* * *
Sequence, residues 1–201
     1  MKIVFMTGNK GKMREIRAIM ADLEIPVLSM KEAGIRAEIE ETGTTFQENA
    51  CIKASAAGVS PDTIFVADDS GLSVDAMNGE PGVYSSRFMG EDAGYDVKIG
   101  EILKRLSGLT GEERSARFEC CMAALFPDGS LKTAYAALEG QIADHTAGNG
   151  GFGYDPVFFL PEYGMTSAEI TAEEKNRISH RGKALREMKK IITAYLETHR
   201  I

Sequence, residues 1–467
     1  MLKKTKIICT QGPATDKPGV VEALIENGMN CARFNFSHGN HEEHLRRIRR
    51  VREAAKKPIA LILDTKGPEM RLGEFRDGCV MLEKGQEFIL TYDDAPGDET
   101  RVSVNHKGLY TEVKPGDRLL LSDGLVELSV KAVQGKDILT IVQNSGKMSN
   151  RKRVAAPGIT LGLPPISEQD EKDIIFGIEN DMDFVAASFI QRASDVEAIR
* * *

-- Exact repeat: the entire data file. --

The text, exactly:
Sequence, residues 1–201
     1  MKIVFMTGNK GKMREIRAIM ADLEIPVLSM KEAGIRAEIE ETGTTFQENA
    51  CIKASAAGVS PDTIFVADDS GLSVDAMNGE PGVYSSRFMG EDAGYDVKIG
   101  EILKRLSGLT GEERSARFEC CMAALFPDGS LKTAYAALEG QIADHTAGNG
   151  GFGYDPVFFL PEYGMTSAEI TAEEKNRISH RGKALREMKK IITAYLETHR
   201  I

Sequence, residues 1–467
     1  MLKKTKIICT QGPATDKPGV VEALIENGMN CARFNFSHGN HEEHLRRIRR
    51  VREAAKKPIA LILDTKGPEM RLGEFRDGCV MLEKGQEFIL TYDDAPGDET
   101  RVSVNHKGLY TEVKPGDRLL LSDGLVELSV KAVQGKDILT IVQNSGKMSN
   151  RKRVAAPGIT LGLPPISEQD EKDIIFGIEN DMDFVAASFI QRASDVEAIR